An increasingly isolated Iran tries to control virus crisis

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A worker disinfects a public bus against coronavirus in Tehran, Iran, in early morning of Wednesday, Feb. 26, 2020. Iran's government said Tuesday that more than a dozen people had died nationwide from the new coronavirus, rejecting claims of a much higher death toll of 50 by a lawmaker from the city of Qom that has been at the epicenter of the virus in the country. (AP Photo/Ebrahim Noroozi)

DUBAI – Iran girded Wednesday for a long battle against the coronavirus that is spreading rapidly across the country and the wider Middle East, even though officials in the Islamic Republic had earlier minimized the outbreak that has now killed 19 people, the highest toll outside of China.

President Hassan Rouhani said there were no immediate plans to quarantine cities, but he acknowledged it may take “one, two or three weeks” to get control of the virus in Iran, which has been linked to most of the over 210 confirmed cases in the region.

As Iran's 80 million people find themselves increasingly isolated in the region by the outbreak, the country's sanctions-battered economy saw its currency slump to its lowest level against the U.S. dollar in a year.

Rouhani sought to portray the virus crisis in terms of Iran's tense relationship with the U.S., which under President Donald Trump unilaterally withdrew from its nuclear deal with world powers and sent its economy into freefall.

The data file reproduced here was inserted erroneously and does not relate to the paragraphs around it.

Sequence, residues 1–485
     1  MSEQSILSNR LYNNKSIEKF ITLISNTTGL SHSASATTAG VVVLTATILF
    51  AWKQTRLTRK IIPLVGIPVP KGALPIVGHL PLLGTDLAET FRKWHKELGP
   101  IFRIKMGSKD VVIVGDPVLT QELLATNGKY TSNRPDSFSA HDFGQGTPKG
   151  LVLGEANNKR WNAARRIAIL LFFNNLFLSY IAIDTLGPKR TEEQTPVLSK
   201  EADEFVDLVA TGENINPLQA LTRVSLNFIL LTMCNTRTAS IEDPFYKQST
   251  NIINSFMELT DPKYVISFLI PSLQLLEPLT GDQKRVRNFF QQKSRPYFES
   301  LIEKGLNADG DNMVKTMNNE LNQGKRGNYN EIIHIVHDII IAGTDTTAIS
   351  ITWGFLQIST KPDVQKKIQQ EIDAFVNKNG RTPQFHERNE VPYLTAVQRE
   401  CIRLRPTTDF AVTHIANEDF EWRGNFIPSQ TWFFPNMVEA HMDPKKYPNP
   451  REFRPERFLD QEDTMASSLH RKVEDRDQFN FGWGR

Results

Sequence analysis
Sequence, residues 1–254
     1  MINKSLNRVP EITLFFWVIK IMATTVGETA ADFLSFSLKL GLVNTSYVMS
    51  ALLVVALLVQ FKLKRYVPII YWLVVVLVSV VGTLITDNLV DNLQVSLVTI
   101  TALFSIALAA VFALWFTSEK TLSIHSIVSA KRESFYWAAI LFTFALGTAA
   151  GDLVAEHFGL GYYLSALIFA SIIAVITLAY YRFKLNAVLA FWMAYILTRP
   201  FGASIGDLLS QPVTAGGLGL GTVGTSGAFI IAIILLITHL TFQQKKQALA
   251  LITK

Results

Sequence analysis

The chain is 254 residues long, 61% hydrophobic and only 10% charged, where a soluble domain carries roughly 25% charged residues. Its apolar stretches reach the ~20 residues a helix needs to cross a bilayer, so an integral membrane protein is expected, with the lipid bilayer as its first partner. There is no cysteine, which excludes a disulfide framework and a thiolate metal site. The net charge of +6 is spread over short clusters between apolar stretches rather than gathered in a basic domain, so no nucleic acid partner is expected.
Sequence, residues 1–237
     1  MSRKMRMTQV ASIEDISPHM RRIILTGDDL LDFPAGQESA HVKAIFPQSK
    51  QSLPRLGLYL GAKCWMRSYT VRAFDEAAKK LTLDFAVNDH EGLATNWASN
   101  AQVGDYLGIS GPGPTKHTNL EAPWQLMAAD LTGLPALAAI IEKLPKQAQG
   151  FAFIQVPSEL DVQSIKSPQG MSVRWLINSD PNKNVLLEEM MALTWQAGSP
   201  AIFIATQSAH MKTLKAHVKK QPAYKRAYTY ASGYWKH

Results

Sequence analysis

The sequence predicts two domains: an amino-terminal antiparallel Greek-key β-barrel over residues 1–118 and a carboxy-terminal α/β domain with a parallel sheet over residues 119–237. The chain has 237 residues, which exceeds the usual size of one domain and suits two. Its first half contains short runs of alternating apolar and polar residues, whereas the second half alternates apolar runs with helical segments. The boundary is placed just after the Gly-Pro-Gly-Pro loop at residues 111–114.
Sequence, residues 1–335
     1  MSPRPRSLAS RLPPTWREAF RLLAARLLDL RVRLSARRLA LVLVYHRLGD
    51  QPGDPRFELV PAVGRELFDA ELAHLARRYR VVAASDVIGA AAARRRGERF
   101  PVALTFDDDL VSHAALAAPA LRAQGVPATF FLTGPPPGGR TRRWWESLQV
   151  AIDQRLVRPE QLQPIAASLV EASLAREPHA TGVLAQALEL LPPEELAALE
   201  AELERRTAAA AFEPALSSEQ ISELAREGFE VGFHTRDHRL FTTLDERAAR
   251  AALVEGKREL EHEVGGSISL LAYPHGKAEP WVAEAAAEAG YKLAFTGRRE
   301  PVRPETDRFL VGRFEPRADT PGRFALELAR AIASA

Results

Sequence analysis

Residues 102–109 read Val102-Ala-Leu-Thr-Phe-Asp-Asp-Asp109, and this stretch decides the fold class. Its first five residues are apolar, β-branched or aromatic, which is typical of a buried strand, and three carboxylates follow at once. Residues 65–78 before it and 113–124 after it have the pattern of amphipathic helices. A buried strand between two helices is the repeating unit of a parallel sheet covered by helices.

“We must not let the United States attach a new virus to the coronavirus by stopping our social activities through tremendous fear. This is a conspiracy we see today and you see in foreign propaganda,” Rouhani said at a Cabinet meeting, according to a transcript on the presidency's website.

“They are also suffering from coronavirus. Influenza has killed 16,000 people in the United States, but they are not speaking about themselves. Americans better take care of thousands of flu casualties in their own country,” he said.

The comments by Rouhani came as Iran appeared to be slowly coming to grips with the scope of the crisis.

In Tehran overnight, mass transit workers disinfected buses and the capital's subway system, removing overhead handles to try to limit surfaces where the virus could rest. Traffic again appeared lighter on Tehran's normally gridlocked roads amid a winter rain. Signs warned Iranians not to touch surfaces in crowded areas.